Women’s History : Malala Yousafzai

“There are two powers in the world; one is the sword and the other is the pen. There is a third power stronger than both, that of women.”

“Malala” was a name that everyone knew of in the early 2010’s. Malala Yousafzai was known as the girl that was shot by the Taliban on her way home from taking an exam, and lived, but she was much more than that – before and after the horrific incident.

Yousafzai was born in 1997 in the Swat District of northwestern Pakistan. She lived with her parents, her two brothers, and her two chickens, and her father, Ziauddin Yousafzai, was a particularly huge influence on her. As a school owner, he taught her many things, including politics. He let Malala stay up later than her brothers to discuss politics with him, which led to her speaking publicly about political topics. These topics mainly focused around educational rights, and she became politically active at the age on 11. Her political activism is what influenced others to begin sending her death threats, and the Taliban ultimately agreed to end her life.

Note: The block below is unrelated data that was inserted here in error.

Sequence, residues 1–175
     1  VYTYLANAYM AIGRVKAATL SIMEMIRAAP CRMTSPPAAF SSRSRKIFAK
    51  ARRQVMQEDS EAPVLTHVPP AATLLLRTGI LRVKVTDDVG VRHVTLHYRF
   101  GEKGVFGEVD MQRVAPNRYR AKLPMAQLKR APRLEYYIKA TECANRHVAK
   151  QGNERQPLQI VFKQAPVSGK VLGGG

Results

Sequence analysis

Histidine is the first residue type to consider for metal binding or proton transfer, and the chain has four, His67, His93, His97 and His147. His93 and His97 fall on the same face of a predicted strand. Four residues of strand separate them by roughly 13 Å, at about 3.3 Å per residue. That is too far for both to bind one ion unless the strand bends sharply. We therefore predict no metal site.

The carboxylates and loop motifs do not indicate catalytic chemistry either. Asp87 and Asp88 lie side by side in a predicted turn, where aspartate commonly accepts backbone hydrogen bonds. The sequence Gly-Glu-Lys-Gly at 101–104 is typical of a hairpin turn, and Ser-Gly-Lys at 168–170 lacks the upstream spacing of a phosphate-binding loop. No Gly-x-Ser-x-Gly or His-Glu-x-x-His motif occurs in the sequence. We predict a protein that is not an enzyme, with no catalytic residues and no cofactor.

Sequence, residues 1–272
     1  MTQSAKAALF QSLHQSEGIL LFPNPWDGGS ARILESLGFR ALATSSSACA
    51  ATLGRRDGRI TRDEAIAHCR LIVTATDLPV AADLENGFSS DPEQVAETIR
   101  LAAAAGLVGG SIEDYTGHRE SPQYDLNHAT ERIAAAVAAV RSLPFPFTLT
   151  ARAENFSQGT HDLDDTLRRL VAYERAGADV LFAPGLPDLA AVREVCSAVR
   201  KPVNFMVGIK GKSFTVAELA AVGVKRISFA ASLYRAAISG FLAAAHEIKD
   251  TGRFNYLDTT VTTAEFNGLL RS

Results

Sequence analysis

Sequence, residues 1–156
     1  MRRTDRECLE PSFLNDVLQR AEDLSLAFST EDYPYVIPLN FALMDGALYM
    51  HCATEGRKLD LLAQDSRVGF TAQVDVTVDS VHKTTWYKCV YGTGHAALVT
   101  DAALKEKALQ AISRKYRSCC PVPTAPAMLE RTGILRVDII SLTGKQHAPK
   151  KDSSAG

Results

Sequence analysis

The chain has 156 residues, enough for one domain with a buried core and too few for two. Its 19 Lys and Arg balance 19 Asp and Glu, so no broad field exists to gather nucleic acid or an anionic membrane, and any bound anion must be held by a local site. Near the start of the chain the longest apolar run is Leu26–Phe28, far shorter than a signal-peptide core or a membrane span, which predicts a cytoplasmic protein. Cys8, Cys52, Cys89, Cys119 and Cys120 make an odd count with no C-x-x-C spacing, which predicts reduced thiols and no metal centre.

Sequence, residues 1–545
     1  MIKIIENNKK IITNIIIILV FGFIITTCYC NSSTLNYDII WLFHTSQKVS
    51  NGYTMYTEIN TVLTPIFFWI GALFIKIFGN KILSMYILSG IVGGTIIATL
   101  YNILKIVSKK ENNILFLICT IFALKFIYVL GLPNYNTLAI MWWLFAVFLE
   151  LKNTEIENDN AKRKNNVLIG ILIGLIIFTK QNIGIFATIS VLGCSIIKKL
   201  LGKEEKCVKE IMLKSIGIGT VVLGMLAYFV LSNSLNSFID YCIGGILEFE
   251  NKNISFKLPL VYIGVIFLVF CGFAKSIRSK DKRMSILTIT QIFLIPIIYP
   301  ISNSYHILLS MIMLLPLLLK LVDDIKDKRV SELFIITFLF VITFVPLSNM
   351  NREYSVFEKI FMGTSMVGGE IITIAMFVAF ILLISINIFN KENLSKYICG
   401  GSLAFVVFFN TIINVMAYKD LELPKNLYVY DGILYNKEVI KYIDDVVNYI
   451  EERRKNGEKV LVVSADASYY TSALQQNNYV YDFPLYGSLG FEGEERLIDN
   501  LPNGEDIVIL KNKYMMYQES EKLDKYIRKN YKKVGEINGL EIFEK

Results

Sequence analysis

The world was outraged on her behalf after the incident with the Taliban and people around the world had heard her story. The attack did not scare Malala into backing down. After healing from her many surgeries, she continued to speak about the causes she felt passionate about, and now they were met with a much larger audience. On October 10, 2014, she was awarded the Nobel Peace Prize. She is the youngest , and only the second Pakistani, Nobel laureate.

Warner Library has Malala’s autobiography, as well as Malala’s Magic Pencil, a children’s book also written by Malala. Both books are available for check out to members of Eastern University.

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